Sunday, September 6, 2009


My composition project for the summer has been to write my fifth instrumental piece and as of this week, I have recorded this work and the first of three movements is now available on myspace. I played two movements of the piece at Bethany Lutheran Church on Bainbridge Island on August 23rd and now you can listen online as well.

Since I probably won’t perform this any time soon, I figured here would be a good place for the "program notes" or whatever I should call them. The composition is for trumpet and organ and is titled “Ruba’iyat”. It is based on three rubai (four line poems) by the 11th century Persian poet, Omar Khayyam, with each movement is based on a different rubai. Since there are 235 of them in the collection I have, I decided on the chosen three thanks to a random number generator on my handy TI-83 calculator. It came up with 22, 211 and 5 so those are the rubai I used for inspiration. Miraculously, the three worked together very well in a logical progression.

Overall, the work is fairly minimalist. I felt that style suited the words best, not to mention, I wanted the performance to be accurate and doable. Hopefully after reading the words these three movements are based on, you’ll be able to enjoy the music more. I tried to think of the trumpet as the narrator and the organ as his/her environment. The piece runs about ten minutes total. Special thanks to Ryan Hume for helping with the recording.

Here are the rubai by Khayyam, translated into English of course.

Rubai 22:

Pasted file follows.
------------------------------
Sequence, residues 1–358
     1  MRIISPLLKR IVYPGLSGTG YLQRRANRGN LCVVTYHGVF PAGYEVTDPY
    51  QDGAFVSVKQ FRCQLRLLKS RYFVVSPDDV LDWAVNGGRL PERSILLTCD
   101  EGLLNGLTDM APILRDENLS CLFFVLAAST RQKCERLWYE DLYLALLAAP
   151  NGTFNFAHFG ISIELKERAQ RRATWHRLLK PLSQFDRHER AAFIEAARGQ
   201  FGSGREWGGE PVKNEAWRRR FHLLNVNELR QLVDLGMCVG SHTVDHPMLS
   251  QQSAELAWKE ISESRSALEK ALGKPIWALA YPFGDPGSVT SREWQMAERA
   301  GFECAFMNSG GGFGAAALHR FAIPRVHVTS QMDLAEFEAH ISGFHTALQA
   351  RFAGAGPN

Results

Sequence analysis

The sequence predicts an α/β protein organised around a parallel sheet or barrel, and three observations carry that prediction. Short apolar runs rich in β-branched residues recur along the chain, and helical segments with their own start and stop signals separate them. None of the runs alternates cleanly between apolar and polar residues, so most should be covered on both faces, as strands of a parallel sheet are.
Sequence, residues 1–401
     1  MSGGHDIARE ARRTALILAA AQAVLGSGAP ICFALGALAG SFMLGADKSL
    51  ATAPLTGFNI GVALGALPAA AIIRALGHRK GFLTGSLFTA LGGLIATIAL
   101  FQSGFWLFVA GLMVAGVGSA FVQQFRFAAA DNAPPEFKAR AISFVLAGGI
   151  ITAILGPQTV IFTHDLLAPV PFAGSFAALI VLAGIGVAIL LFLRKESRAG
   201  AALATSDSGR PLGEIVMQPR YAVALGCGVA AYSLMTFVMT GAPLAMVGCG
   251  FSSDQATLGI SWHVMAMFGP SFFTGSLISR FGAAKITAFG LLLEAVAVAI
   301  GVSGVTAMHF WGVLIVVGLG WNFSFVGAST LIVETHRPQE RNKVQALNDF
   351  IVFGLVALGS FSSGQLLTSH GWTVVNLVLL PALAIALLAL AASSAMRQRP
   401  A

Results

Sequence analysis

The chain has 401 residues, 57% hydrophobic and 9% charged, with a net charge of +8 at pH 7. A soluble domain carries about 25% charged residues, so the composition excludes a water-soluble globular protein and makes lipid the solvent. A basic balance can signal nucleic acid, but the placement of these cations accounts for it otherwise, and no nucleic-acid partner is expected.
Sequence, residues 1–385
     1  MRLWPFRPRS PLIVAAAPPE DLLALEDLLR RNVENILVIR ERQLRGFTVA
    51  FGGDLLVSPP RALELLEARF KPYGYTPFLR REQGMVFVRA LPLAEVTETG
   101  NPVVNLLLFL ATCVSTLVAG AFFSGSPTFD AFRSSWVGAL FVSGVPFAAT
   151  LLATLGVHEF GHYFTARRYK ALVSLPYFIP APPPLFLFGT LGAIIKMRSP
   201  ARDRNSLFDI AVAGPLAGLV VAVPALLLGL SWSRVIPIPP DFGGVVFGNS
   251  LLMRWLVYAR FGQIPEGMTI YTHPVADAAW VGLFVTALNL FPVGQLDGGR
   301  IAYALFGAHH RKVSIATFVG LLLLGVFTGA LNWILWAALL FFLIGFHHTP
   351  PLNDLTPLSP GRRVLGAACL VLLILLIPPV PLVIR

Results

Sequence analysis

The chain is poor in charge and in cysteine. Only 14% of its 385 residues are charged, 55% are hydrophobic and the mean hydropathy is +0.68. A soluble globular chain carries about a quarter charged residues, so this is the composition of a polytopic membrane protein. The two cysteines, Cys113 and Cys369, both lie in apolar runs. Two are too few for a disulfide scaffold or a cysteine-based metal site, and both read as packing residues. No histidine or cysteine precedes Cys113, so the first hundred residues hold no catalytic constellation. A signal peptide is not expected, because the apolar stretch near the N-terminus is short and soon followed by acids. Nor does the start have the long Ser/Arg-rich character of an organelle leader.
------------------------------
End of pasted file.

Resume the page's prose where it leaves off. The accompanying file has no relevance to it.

If only there were occasion for repose
If only this long road had an end
And in the track of a hundred thousand years, out of the heart of the dust
Hope sprang again like greenness

Rubai 211:
It is we who are the source of our own happiness, the mine of our sorrow
The repository of justice and foundation of iniquity;
We who are cast down and exalted, perfect and defective
At once the rusted mirror and Jamshid’s all-seeing cup

Rubai 5:
If the heart could grasp the meaning of life,
In death, it would know the mystery of God;
Today when you are in possession of yourself, you know nothing
Tomorrow, when you leave yourself behind, what will you know?

*Jamshid was a Persian mythological figure who could look forward in time using a magical cup.

If you really want to listen to the rest, just send me an email. I’m not completely satisfied with the way they turned out, but if you solemnly swear not to judge my trumpet playing ability, you can take a listen to the work in its entirety.

*Last week’s subheading was from the Rolling Stones’ “Monkey Man”.

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